By Mike Anderson
The Town of Georgina is taking legal action against two local property owners who have been illegally dumping fill from construction sites on their properties.
According to a Town spokesperson, the owners of 22954 Warden Ave. and 6522 Ravenshoe Rd. have been operating without a permit to dump fill on their property, contravening the Town’s fill by-law.
“The Town’s lawyer has been instructed to bring court applications in which orders will be sought restraining the owners from breaching the Town’s by-law and requiring the owners to remove the illegally dumped fill,” said Tanya Thompson, communications manager for the Town of Georgina, in an email to the Post.
Ross Draper owns the property at 22954 Warden Ave., and 6552 Ravenshoe Rd is owned by a numbered company, 1580524 Ontario Ltd., which is registered to Ronald De Bruin.
Both properties cut across LSRCA regulated areas and are adjacent to wetlands.
The Town’s legal action follows a formal complaint by Alec Cloke, president of United Soils, a large clean fill disposal business in Stouffville.
In an email addressed to Regional Councillor Rob Grossi and Ward 3 Councillor Dave Neeson on April 3, Cloke says that the property owners have been accepting untested fill, mostly from Hydrovac (vacuum) trucks, on a daily basis for years.
Cloke demands the Town take action to stop the illegal dumping of fill, which he says hasn’t been tested for contaminants, which is a provincial requirement.
He also warns that Georgina Town Council could face legal action if the illegal dumpsites were not shut down.
“Town council and senior staff have a fiduciary duty to uphold the legislation designed to protect the public, and you aren’t doing that,” Cloke writes.
Thompson confirmed that the Town had taken previous actions against both property owners, but they appear to have had little effect.
A Superior Court proceeding was filed against Draper, the owner of 22954 Warden Ave., and cease and desist correspondence was sent to De Bruin, the owner of 6522 Ravenshoe Rd.
“What’s happening in Georgina doesn’t involve testing or any of the proper handling methods that the industry recognizes, ” Cloke said.
Cloke told the Post that vacuum trucks must dump their loads at registered fill sites.
However, if the material is determined to be waste, it is immediately diverted to a waste transfer station.
Cloke says that not all material that comes out of a vacuum truck is contaminated, but he says you better be able to prove it isn’t.
He says some vacuum truck operators are trying to avoid the cost of tipping at registered clean fill sites or have contaminated fill that would be rejected.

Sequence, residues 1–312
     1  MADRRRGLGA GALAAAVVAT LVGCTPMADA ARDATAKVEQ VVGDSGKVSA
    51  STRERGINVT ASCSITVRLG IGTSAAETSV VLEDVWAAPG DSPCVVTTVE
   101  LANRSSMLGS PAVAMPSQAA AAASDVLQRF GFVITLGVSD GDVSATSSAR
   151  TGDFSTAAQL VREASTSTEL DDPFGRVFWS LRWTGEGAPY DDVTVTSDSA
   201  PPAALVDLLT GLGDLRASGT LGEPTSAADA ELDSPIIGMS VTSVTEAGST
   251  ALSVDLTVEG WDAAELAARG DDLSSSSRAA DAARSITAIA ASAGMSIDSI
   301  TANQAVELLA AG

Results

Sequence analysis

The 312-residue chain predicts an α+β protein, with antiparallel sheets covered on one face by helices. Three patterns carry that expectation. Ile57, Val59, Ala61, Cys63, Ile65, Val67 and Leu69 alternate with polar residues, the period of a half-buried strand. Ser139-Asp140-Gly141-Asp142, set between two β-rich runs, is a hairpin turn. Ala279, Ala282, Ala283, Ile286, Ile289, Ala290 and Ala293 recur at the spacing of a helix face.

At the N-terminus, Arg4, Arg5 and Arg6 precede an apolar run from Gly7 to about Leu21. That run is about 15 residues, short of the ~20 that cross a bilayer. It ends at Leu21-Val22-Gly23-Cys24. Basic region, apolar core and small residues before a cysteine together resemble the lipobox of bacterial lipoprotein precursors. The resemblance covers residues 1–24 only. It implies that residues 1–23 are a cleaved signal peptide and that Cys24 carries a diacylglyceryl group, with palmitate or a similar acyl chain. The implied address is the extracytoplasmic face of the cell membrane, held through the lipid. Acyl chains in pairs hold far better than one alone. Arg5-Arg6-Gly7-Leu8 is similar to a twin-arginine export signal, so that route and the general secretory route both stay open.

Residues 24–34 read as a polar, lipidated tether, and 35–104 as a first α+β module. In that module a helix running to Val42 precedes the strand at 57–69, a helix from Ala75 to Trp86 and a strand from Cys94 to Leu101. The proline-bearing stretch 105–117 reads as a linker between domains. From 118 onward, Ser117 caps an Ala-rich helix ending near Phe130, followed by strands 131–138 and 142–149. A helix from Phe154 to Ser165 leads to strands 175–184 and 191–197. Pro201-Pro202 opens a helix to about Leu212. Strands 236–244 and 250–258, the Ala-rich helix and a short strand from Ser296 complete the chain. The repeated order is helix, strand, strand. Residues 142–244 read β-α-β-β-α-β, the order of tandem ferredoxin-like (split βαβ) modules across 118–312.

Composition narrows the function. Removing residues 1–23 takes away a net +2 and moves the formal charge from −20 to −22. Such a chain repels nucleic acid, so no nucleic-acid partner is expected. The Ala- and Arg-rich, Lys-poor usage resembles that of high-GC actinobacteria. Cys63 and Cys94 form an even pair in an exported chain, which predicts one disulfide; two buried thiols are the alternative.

Currently, only a few facilities in the GTA accept contaminated fill, and tipping fees are considerably higher.
“Nobody should be dumping anything unless the property you are dumping on has a fill license, which we have to get renewed annually,” said Cloke, who constructed an $800,000 facility to process loads from vacuum trucks.
Cloke says there is no value to the landowner to take wet fill from vacuum trucks; he says it’s just a cash grab.
“It costs $300 to dump here, and they’re probably giving the landowner $150,” he said.
Cloke says contaminated wet fill could seep into the water table, impacting residential wells.
He also points out that both properties are sitting next to a protected marsh, threatened by leaching wastewater.
Cloke wants to see stiffer provincial fines for property owners operating illegal dumpsites. But he says it’s up to the Town to shut the sites down. He says the Town should monitor suspected sites 24-7.
“They should be writing down the license plate of the trucks. Recording the time they came in and taking their picture to go after the companies that are doing it,” he said.
“Any truck caught dumping illegally should have their operating license taken away. It would be the end of all this illegal dumping.”
Cloke says there has been too much passing the buck between municipalities, conservation authorities and the province, allowing illegal dump sites to go unchecked.
“The Town is not doing enough to shut this down. It’s 100 per cent the Town’s responsibility,” he said.
“It wants all the benefits of being on Lake Simcoe, all the tourists, all the beaches, all the money. But it’s not doing anything to protect it.”
“If the Town of Georgina, one of the largest communities on Lake Simcoe, doesn’t protect the lake, who will protect it?”
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